I’m shopping around for a new credit union.  I’ve been trying to keep my account at Point West Credit Union in my hometown of Portland, Oregon. I love the credit union, the CEO, Robert Barzler and my MSR, Randy Majors. 

 

I haven’t lived there for over five years. I should be the poster child for the shared branch network. I’ve been able to easily bank in Seattle, Washington and in New Mexico – but now I live in New York. It’s a whole different world here.

 

First of all – forget about using an ATM for a deposit and rarely can you find one that won’t surcharge you. So I’ve been forced to go into a branch like a Boomer. I’m not sure if it’s just my neighborhood, but man these are some surly tellers. And the lobby is a first class dump. I’m sorry to be so harsh, but this place is D.E. pressing. 

 

I’m a pretty cheery person, so it’s getting to me that I cannot win over these front line folks. It doesn’t help that they have to sit in thick bullet proof cages. They are extremely protective of their pens. AND they’re not even credit union branded pens (maybe that’s why). Here’s what a typical deposit looks like:img25

 

ME: Hi! I’m a shared branch member and I need to make a deposit.

 

ST (Surly Teller): Slides said pen and deposit slip through little hole and says “Fill this out.” 

 

ME: Filling it out – (oh, and it’s a third generation photo copy, poorly cut). Now I slide it back with my check.


ST: Can I have my pen back?

 

ME: Oops. Sorry.

 

ST: Scrutinizing the hell out of my check. Holding it up to the light and 9 times out of 10 takes it to her “supervisor” for approval. These checks are almost always Cashier’s Checks drawn on Corporate Credit Unions. I had one from a speaking gig I did for CUES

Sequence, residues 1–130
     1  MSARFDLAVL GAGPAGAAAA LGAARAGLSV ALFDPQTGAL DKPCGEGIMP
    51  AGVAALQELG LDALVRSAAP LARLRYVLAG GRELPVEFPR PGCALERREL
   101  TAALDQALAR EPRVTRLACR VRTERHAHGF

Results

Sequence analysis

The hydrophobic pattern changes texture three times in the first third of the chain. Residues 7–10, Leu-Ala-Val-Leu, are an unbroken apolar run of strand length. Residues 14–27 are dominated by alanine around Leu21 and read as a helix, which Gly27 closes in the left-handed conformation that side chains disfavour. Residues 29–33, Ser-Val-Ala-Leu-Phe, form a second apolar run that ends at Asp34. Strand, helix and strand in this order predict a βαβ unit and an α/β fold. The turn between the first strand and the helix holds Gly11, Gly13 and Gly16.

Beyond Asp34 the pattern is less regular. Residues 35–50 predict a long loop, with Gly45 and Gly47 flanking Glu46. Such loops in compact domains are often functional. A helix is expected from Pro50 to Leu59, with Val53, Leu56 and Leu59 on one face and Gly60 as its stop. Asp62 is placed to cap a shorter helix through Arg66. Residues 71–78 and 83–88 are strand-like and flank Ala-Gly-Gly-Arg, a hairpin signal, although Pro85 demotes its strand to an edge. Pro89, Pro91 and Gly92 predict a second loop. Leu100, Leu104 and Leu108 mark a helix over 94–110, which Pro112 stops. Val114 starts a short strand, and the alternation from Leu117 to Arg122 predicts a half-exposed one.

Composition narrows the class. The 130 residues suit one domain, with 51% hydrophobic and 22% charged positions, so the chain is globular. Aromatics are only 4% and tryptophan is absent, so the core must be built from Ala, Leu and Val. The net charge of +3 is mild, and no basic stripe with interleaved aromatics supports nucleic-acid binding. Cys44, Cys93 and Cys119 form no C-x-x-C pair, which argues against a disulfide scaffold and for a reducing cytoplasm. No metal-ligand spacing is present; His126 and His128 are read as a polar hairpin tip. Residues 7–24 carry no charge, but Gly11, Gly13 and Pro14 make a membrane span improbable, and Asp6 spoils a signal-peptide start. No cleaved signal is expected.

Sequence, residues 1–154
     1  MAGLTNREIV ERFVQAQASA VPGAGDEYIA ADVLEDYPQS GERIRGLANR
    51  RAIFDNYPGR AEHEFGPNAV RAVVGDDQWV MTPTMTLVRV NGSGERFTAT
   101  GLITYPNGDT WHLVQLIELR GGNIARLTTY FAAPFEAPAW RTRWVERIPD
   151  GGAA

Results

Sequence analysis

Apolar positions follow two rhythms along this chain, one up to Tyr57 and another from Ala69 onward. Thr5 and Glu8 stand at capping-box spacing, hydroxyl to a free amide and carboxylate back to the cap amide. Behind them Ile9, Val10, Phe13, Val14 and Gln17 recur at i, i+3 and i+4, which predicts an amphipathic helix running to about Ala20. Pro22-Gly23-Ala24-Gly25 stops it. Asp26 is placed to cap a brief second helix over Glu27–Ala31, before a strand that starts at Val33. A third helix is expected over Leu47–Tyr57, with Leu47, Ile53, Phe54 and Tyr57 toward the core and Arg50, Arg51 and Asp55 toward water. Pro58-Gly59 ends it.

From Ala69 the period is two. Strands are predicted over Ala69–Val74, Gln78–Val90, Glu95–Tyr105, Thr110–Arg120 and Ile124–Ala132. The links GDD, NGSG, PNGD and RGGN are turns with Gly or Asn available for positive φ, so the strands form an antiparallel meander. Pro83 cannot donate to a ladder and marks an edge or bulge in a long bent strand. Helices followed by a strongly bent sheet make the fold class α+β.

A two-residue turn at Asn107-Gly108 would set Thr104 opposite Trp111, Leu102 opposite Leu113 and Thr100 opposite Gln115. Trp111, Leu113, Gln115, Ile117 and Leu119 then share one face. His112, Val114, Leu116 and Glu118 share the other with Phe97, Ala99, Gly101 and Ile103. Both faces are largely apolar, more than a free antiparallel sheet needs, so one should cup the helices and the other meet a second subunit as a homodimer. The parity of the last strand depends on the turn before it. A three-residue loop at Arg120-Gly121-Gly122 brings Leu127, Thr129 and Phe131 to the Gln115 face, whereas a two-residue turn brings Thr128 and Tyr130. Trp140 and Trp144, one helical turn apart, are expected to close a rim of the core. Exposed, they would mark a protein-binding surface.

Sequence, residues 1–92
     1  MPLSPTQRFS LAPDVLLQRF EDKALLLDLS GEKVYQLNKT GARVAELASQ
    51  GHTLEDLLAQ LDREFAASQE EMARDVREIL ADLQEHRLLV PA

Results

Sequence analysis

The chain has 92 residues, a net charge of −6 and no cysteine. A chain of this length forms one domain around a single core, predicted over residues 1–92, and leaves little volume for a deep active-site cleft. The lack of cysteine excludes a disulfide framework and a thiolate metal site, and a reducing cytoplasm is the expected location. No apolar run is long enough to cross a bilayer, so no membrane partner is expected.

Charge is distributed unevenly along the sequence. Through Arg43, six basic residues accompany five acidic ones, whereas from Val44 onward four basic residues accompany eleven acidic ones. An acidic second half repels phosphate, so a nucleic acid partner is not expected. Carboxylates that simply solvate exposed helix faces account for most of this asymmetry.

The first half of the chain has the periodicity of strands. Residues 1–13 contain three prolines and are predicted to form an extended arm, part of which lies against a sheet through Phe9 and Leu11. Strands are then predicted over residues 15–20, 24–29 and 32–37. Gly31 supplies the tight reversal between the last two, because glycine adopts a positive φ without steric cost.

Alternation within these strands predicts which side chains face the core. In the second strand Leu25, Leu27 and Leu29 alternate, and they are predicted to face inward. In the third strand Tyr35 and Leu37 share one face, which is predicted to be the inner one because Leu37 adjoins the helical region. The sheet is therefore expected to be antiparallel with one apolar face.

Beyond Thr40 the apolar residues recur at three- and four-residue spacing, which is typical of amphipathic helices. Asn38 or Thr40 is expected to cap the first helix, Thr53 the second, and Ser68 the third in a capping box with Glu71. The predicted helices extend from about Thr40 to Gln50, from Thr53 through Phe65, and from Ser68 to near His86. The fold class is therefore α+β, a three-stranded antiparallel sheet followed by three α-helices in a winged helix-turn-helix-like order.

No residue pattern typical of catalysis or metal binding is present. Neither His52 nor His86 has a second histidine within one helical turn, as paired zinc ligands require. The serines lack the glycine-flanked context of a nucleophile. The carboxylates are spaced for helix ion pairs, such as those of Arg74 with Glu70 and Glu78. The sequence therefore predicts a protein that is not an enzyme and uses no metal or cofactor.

ST: “Why is CUES paying you?” 

 

ME: “Oh, you know about CUES?” 

 

ST: “Yeah, I had to take some class from them.” 

 

ME: “Oh, well I spoke at their conference.” 

 

ST: Places Nazi hold on my check. Doesn’t tell me. 

 

ME: Smiling.


ST: “NEXT!” as she looks past me.

Today I saw a story about the Polish Slavic Credit Union in NY. Hey! I’m living with a Pole! Maybe I can join? I pull up their website. WOW! They have two versions. One in Polish, one in English. Now that’s brand. I click on “Join.” Founded in 1976 (fairly young credit union). And they have a branch on Long Island!

 

I enter my zip code. Takes me to the next page. Now they want to know if I’m a member of one of the following:

 

Polish/Slavic Center

Polish Cultural Foundation

Friends of Copiague

Polish Supplementary School Council of America or the

General Pulaski Memorial Parade Committee

 

Hmmmm. This is gonna be harder than I thought. But wait, I can also join if I am of Polish or Slavic descent. I’m not, but my partner Mr. Mark Sadowski is!

 

Technically I am of Polish decent. Found out my great grandparents were born in Prussia (the part that is now Poland) even though they entered Ellis Island from Germany. But I digress.

 

trenton-400This is a credit union with a common bond! They don’t want just anyone who lives, works or worships in an eight county area. Wow! I want to join. 

 

So here’s my point. The surly credit union used to just serve teachers. Now anyone who lives, works or worships in 14 listed communities can join. But seriously, why would I? Because they’re less than a mile from my home?

 

If that’s the only reason we’ve given people to join, we’re in trouble. I want to feel a sense of “belonging.” I want people to look at my Debit Card and say “Hey, I’m Polish too!” 

 

One of the greatest unnecessary marketing strategy deaths in our industry was that of common bond. Many times we had no choice, our sponsor dissolved. But in most cases, the need for greed, and bigger is better took over and we poo pooed our founders and threw that net as wide as the law would allow. Changed our name to a drug inspired jumble of letters and funded membership bribe campaigns that cheapened our reputation and yielded little if any loyalty. 

 

Now as the recession smacks us down, more and more credit unions are forced to close branches in areas that they had no reputation.

 

Back to basics.

Back to being Polish.

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